Back in July I decided to do a little demonstration / experiment of the effects of lime and fertiliser on my pasture land. Now, just three weeks later, I’m starting to see some result.
Three of the test plots are showing a deeper green and more growth than the others. And they’re NOT the ones I expected. After discussions with my neighbours who reckoned the pH was as low as 4.5 and the farmer who rents some fields, I was firmly convinced that lime would have the most beneficial effect, above that of the fertiliser.
But it’s the fertiliser plots that are showing a positive result. Now this is very early days for a horticultural test but it goes to show I don’t know it all (despite what my wife says!). It’s very possible that the limed plots will just take longer to show some benefit. Lime does take longer to work into the soil than fertiliser.
It’s also possible that the fertiliser will give a flush of growth and then peter out whilst the lime has a longer benefit. Whatever the cause or final result, it’s interesting to see how this develops. The farmer, with his years of experience honed by the need to make a living, is certain that liming is more important than fertilising in the first instance.
My broad beans have perked up a bit after being given some nitrogen in the form of chicken manure pellets and a liquid feed of urea. That’s not to say they’re looking good. Something isn’t right for them by any means.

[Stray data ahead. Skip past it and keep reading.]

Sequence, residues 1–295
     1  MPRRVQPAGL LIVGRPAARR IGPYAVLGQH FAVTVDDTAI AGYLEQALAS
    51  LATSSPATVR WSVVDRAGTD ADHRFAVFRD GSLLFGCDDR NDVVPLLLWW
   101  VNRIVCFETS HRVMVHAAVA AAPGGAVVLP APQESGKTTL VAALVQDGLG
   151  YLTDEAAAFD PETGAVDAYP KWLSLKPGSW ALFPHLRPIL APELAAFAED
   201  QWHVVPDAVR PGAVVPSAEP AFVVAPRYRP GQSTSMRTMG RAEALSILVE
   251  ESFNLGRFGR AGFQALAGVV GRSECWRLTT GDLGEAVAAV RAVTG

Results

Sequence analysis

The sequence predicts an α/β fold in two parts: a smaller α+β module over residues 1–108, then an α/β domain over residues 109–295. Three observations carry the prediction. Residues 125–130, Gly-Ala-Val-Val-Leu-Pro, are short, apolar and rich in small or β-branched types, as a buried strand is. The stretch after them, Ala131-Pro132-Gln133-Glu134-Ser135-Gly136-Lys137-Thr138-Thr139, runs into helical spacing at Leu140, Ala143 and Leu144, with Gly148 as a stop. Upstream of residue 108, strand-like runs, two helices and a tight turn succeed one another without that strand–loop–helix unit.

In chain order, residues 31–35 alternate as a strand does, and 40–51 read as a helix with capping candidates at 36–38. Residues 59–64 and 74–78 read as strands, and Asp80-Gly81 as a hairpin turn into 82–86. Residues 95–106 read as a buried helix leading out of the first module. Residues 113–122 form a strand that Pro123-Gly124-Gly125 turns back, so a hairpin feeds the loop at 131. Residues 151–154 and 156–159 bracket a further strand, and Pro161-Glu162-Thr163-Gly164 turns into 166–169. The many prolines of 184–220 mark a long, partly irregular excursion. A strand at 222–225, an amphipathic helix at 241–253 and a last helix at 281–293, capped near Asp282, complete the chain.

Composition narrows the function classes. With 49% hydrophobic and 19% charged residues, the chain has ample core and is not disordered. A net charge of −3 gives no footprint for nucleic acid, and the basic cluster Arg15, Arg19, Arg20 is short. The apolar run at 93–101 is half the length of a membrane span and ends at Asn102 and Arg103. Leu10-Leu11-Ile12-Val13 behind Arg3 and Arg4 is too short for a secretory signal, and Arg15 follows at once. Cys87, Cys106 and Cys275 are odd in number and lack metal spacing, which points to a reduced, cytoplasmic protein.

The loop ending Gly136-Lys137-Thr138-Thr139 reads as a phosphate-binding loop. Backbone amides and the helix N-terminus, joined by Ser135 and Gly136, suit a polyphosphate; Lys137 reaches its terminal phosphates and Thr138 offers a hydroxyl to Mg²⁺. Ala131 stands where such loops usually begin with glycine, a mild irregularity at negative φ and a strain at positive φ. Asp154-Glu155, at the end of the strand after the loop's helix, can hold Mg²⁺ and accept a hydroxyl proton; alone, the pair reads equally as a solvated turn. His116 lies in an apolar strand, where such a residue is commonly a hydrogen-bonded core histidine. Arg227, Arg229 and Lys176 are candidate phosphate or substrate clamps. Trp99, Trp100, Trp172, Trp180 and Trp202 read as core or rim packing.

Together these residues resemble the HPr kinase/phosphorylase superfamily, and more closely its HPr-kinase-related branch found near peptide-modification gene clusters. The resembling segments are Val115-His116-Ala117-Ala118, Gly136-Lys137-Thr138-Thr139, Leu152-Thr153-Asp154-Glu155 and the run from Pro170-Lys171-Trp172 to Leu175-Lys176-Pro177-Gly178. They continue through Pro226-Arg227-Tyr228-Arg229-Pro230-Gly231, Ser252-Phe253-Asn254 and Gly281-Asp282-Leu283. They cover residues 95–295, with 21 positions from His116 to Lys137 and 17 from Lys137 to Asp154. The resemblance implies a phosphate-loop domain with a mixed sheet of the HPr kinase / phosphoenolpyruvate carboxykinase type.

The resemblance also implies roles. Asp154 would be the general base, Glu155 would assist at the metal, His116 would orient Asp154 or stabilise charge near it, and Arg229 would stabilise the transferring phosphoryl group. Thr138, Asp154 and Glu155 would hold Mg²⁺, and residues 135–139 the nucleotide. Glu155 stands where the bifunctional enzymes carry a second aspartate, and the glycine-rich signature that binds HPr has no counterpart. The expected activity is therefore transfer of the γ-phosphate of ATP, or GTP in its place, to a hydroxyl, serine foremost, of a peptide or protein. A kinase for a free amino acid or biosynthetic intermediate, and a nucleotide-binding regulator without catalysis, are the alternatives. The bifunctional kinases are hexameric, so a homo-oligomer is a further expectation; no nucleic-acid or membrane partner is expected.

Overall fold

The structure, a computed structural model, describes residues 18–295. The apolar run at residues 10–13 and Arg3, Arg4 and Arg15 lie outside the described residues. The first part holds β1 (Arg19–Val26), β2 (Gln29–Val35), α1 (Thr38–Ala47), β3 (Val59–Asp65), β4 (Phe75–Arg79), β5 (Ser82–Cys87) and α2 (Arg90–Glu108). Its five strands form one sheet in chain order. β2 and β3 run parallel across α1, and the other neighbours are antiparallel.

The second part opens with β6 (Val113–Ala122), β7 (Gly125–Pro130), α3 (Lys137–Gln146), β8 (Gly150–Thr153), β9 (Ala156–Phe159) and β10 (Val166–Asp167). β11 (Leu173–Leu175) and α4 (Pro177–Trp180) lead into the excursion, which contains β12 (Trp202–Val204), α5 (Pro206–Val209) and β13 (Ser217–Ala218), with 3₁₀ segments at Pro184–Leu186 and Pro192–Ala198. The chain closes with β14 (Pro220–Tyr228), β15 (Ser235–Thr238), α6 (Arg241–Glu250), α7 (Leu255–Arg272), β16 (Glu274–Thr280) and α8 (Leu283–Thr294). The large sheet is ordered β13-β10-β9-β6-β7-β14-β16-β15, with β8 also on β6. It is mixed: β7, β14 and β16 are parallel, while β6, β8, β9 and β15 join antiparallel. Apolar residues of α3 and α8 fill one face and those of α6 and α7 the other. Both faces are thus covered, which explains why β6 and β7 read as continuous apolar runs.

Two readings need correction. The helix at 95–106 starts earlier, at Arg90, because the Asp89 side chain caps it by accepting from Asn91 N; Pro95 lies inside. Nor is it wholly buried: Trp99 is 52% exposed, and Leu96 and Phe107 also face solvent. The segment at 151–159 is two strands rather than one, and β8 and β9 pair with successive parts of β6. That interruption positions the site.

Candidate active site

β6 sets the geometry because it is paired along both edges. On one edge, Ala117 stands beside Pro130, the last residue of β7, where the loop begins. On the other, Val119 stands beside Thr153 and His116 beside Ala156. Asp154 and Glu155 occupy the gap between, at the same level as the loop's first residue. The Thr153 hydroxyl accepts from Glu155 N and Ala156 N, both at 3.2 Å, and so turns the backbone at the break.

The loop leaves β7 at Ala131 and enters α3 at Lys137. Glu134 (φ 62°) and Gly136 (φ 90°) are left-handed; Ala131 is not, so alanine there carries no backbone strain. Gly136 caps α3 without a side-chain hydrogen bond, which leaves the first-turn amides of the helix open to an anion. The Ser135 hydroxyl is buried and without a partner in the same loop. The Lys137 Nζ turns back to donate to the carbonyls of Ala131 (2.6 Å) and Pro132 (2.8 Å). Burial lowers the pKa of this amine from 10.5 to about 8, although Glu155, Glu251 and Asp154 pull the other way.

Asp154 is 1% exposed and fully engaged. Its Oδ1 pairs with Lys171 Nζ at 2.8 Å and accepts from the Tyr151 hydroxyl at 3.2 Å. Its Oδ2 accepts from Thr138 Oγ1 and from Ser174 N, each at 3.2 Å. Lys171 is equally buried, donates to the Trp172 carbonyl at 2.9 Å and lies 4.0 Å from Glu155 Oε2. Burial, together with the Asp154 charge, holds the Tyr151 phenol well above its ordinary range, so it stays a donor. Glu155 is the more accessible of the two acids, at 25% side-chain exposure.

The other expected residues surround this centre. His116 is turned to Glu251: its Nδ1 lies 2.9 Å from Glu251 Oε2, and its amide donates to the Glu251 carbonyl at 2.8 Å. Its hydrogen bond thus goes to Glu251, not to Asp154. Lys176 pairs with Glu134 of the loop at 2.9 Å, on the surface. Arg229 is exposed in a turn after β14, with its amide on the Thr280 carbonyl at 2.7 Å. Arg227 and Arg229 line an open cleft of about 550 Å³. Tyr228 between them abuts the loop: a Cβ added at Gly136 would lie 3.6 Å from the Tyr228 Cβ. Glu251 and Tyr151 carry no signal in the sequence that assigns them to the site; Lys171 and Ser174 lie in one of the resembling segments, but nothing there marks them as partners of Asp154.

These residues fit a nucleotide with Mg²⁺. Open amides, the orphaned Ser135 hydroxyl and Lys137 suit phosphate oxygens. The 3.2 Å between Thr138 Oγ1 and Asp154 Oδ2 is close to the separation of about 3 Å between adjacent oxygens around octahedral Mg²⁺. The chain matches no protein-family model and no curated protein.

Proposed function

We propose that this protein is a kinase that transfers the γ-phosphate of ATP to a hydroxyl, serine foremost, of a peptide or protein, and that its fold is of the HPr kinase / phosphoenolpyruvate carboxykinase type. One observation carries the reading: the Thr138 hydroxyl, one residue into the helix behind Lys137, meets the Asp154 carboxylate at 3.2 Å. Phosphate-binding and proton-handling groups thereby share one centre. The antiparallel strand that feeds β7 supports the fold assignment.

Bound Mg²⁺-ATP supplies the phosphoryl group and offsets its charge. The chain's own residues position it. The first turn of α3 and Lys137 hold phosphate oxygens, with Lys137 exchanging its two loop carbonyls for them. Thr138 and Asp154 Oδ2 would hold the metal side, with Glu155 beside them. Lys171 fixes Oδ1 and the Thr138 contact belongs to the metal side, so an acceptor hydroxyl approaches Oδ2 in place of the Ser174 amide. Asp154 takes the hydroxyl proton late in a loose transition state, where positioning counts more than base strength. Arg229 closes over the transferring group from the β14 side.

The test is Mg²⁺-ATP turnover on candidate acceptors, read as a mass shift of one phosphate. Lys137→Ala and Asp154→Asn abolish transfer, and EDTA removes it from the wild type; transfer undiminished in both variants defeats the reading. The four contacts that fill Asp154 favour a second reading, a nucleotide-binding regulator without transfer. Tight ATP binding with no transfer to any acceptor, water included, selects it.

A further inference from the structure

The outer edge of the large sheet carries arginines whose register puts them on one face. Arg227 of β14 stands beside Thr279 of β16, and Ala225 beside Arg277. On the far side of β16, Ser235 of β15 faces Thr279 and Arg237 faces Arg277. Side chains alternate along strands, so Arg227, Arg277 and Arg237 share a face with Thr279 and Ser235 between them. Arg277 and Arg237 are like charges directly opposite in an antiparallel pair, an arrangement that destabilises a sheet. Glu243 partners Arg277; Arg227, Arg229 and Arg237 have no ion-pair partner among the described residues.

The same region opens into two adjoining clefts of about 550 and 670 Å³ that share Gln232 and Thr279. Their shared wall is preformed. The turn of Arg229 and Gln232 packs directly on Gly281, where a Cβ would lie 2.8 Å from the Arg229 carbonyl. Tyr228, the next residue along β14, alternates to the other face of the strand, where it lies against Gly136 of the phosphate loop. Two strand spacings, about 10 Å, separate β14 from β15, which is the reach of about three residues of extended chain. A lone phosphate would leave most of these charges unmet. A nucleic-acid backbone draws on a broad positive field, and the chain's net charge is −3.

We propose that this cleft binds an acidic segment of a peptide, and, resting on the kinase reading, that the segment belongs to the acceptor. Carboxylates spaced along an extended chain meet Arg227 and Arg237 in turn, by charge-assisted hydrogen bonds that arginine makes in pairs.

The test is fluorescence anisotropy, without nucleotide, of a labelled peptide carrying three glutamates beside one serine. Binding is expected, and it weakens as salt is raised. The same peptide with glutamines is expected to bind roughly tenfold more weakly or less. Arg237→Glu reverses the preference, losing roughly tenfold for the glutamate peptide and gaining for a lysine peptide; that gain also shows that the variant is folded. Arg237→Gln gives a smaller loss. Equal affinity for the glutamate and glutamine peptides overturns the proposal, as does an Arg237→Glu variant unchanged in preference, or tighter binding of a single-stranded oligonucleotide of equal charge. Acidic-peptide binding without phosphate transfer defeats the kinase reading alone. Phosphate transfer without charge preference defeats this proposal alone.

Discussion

It’s pretty obvious to me that I need to know what the exact pH and nutrient levels of my soil are. Everyone agrees it is acid, but I want know exactly how acid so I can calculate how much lime I need to add to get it right. The three main nutrients, NPK, are probably very low as well. So even making them available by reducing the acidity of the soil won’t help a lot if they’re not there to start with.
A general fertiliser like fish, blood and bone or Growmore will help increase nutrient levels as will manure. Adding manure and compost will also increase the humus in the soil which acts like a sponge, absorbing and holding water and retaining nutrients that would otherwise wash out.
Now a farmer wouldn’t just bung on fertiliser willy nilly. It’s wasteful and expensive. He’d find out what was needed, that is to say the base level in the soil and top it up to meet the nutritional requirements of his crop.
I don’t see why home growers shouldn’t take a tip from the professionals so I’m getting a soil test kit. After all, it’s pointless adding phosphorus if I really need potash. I’m not attempting the precision of an East Anglian arable farmer but I’d like a good idea of what I’m up against.
So I’ll take a number of samples from the veg plot area and average them out to get a fair impression and some guidance as to the best course of action. Now the basic nutritional elements, NPK, are not all that there is to it. Plants need a range of micro-nutrients in the same way we need vitamins to thrive. We can live for a while on protein and carbohydrates but lack of vitamin C will give us scurvy and eventually kill us.
But eating vitamin C pills is pointless if we’ve not got the basic foods to fuel us. Luckily micro-nutrients are rarely a problem for plant growth if we add manures and composts. Adding artificial fertilisers alone is likely to result in a lack of them though.
That’s why I view fertiliser as corrective aid rather than the long-term, continual solution. Good growing needs a good soil and that takes time, effort and some knowledge.